Cocaine vs Ecstasy
Although their reputations are very different, cocaine is seen as a dangerously addictive and hardcore drug. Ecstasy is considered a party drug safe for teens. Cocaine and ecstasy have a lot in common, however. For instance, they both have similar effects and side effects.
Both cocaine and ecstasy are addictive drugs that interfere with brain chemistry to produce euphoria. The brain is a complex organ that shouldn’t be trifled with since it controls all vital organs and thought processes. When you change the chemical balance in the brain, there are no guarantees you can get it back to normal.
Perhaps the most serious commonality between cocaine and ecstasy is addiction. Neither drug is safe from addiction, and both are often used in combination with other dangerous substances like alcohol. Although cocaine may seem hardcore and ecstasy appears like a more innocent substance, they should both be avoided.
Cocaine enjoyed great popularity in the US until it was banned in 1922. Cocaine was used in a number of health tonics and was even included in Coca-Cola, making the young soft drink extremely popular. In the early 1900s, cocaine was used openly by a number of famous people, including stars of the silent film industry who promoted its benefits to the public.
In the 1970s, cocaine made a comeback in Hollywood and with successful businesspeople. It became part of the glamorous lifestyle of the rich and famous and a status symbol. Those who could afford it used cocaine to imitate their favorite movie stars or to show off their success. Cocaine use increased on college campuses as well.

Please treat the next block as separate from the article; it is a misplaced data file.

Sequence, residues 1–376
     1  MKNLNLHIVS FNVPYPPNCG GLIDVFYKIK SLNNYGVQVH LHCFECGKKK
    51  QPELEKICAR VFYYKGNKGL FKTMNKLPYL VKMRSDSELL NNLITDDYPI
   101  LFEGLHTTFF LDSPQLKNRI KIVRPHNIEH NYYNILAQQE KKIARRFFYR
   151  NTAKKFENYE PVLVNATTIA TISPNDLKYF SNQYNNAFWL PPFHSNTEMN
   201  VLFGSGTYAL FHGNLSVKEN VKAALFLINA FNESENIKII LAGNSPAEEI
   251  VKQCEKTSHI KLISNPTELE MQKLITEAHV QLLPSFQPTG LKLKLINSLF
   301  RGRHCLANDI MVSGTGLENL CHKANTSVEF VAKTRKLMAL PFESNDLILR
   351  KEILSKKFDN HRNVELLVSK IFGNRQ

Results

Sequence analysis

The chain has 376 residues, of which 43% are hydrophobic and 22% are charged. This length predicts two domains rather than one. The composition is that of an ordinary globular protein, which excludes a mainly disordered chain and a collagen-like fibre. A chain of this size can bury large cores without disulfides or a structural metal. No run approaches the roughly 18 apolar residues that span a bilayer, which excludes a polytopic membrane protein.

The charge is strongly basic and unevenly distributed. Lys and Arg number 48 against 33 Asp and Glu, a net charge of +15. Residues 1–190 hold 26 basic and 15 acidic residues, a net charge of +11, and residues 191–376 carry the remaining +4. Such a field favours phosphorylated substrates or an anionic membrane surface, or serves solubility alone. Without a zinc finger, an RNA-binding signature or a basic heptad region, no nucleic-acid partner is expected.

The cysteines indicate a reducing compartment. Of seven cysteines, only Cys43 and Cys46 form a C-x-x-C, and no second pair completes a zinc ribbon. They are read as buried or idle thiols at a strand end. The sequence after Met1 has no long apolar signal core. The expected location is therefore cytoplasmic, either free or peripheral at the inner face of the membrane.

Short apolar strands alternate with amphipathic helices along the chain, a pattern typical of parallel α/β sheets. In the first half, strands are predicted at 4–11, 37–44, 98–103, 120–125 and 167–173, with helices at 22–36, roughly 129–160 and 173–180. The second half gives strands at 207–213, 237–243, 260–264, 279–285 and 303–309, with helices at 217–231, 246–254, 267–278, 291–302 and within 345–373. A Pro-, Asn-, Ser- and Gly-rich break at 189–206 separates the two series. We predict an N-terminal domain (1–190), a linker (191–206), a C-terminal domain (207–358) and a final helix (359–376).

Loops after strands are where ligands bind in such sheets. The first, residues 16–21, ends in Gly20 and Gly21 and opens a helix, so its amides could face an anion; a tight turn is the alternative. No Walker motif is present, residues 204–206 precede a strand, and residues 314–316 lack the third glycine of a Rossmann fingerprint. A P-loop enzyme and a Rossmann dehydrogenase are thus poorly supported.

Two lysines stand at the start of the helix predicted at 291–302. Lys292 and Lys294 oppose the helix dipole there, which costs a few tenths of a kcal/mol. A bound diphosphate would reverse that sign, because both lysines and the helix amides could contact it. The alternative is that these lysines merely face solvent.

By the end of the 1990s, cocaine production was up. Prices went down, and it was no longer the drug of the rich and famous. People from all neighborhoods were trying it and getting hooked. Reality caught up with cocaine’s reputation, and it was understood to be one of the most addictive drugs there is.
Cocaine is an addictive stimulant derived from the coca plant. In its white powder form, cocaine is snorted or mixed with water and injected. Cocaine can be used to make Crack, a crystal rock, that can be smoked. When it is heated, Crack releases a vapor that is inhaled and absorbed into the bloodstream through the lungs. The high from cocaine can last anywhere from five to 30 minutes depending on how it is taken.
Street names for cocaine include:
- Nose candy
Cocaine affects the central nervous system by interfering with normal brain chemicals. Your brain uses these chemicals — called neurotransmitters — to send signals to your body. Cocaine disrupts the functioning in the pleasure centers of your brain which is where it produces the high. By flooding your brain with feel-good chemicals, cocaine creates a euphoric feeling greater than anything your brain could produce naturally.
The addiction to cocaine can form very quickly. The high is short-lived, leaving the user looking for more. Cocaine is often consumed in binges of several rapid hits in a short period of time. As your brain adjusts to the presence of the drug, it takes a larger dose to produce the same effects. Cravings and rapidly increasing doses lead to addiction.